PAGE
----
Metal’s newest superstars Spiritbox bring ambition and brutal emotion to London’s Roundhouse

This feels like the start of something much bigger.

A new wave of heavy music is currently having A Moment. Bring Me The Horizon have headlined both Download and Reading & Leeds festivals in the past twelve months while Architects’ stadium support stint with Metallica has been a passing of the heavy torch. Elsewhere Sleep Token’s poptastic take on the genre has swelled beyond their cult status, with the band selling out Wembley Arena in a matter of minutes while “satanic” metalheads Ghost are now as comfortable playing before Slipknot as they are Halsey and Blur. At the other end of the scale, buzzy acts like Static Dress, Heriot, Pupil Slicer, Scowl and Militarie Gun are continuing to push the genre forward, bringing a new generation into the world of heavy music.

Then there’s Spiritbox who, despite only having one album to their name, already feel like icons of the new order. On Friday night, the Canadian four-piece finished off their very sold-out UK tour with the second of two shows at London’s Roundhouse.

As you’d expect, the impressive show is driven by moments of sheer ferocity. The first pit breaks out before vocalist Courtney LaPlante even takes to the stage for a hammering ‘Rules Of Nine’ while swaggering, unifying metalcore anthem ‘Yellowjackets’ sees the band joined by Architects’ Sam Carter. Then it’s straight into new standalone single ‘The Void’, which is as aggressive as they come and seemingly designed to whip mammoth crowds into an absolute frenzy. From the tightly wound ‘Silk In The Strings’ to the horror-inspired ‘The Mara Effect, Pt 3’, Spiritbox delivers an uncompromising display of fury and brutality.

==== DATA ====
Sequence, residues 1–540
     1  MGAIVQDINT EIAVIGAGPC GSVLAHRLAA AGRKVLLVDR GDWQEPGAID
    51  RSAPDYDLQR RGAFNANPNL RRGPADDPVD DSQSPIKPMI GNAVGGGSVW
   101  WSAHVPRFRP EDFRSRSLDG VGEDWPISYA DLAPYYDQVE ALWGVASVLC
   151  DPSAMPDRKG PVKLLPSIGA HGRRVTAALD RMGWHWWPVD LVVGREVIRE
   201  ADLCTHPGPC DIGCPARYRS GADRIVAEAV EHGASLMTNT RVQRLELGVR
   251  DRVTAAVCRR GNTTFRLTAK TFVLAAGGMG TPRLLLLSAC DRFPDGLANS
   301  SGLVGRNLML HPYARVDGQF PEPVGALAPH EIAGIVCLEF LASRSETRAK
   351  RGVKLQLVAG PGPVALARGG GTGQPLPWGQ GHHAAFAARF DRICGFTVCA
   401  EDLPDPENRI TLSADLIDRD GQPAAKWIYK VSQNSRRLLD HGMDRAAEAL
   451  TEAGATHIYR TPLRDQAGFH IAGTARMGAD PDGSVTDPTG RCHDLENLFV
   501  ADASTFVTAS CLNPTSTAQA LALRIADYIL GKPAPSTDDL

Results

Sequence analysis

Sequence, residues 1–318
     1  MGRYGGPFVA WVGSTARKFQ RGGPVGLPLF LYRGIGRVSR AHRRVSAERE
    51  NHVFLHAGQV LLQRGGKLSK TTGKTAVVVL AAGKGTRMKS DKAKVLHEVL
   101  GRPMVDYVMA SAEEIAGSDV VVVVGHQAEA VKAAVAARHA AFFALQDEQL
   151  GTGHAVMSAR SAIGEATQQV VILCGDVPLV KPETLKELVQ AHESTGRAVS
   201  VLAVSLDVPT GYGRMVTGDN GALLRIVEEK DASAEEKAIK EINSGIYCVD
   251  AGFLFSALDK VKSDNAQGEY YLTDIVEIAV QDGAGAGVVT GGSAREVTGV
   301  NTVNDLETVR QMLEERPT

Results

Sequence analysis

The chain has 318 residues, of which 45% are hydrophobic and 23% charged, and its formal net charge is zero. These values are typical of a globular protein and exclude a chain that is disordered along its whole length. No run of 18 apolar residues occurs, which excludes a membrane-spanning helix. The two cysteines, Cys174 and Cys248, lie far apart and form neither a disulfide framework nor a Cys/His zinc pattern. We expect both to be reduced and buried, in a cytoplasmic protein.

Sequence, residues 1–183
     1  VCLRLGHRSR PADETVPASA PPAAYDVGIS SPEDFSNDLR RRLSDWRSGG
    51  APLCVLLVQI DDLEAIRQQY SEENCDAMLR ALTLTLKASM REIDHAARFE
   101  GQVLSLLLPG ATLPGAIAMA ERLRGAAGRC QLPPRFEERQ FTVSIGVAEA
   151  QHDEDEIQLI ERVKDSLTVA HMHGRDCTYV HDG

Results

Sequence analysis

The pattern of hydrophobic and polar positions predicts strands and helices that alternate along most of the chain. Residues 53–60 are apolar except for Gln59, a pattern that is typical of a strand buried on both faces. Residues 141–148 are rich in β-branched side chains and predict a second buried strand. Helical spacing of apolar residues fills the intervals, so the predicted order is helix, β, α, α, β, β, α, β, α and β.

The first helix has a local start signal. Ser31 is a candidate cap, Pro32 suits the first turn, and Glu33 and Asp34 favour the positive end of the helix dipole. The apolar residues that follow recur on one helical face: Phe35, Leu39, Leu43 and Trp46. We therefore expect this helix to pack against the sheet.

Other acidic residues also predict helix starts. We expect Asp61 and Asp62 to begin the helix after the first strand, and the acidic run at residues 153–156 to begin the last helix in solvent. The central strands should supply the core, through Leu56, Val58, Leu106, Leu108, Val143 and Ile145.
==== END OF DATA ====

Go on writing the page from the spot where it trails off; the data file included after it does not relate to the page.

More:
Despite the chaos it inspires, the show is slick and polished. Flames and fireworks accompany an impressive video screen, with the pop production designed to make every corner of the room feel involved. The band couldn’t look more comfortable swaggering about the two-tiered stage if they tried.

Photo credit: Phoebe Fox

There’s more to the group than noise and anger though. ‘Circle With Me’ blends the ethereal and orchestral with devastation, ‘Secret Garden’ is lush and hopeful while ‘Rotoscope’ turns the room into an industrial rave, complete with lasers. Breakout song ‘Holy Roller’ manages to be both a bellowing purge of anger and a glitching, joyous singalong. 

Their ability to weave new energy into metal has seen Spiritbox straddle both old and new and tonight, they play up to that position. “Those of you who are young and full of life will be sad to know there’s only three songs left,” says Courtney before a soaring ‘Hysteria’. “I’m sure those of you who are old sacks of shit whose knees hurt will be very happy though,” she smirks, encouraging everyone to make the most of the rest of the night.

Photo credit: Phoebe Fox

 “It’s so amazing to me what heavy music can be. It can be a breakdown, it can be a downturned guitar, but it can also be heavy emotionally,” Courtney says before a dreamy, haunting ‘Constance’, which was written about the loss of a loved one. Later, after teasing an imminent return, Courtney explains how the closing ‘Eternal Blue’ was written when she wasn’t in a good place and the band didn’t feel like they belonged anywhere. “I want you to really look at us right now,” she tells the crowd. “We found our place right here with you, which means you have a place too.”

As white confetti covers every inch of London’s Roundhouse and the band launch into one final celebratory breakdown, it’s easy to see why Spiritbox have connected with so many people. But with such ambition behind every moment of their 70-minute set, this feels like the start of something much bigger.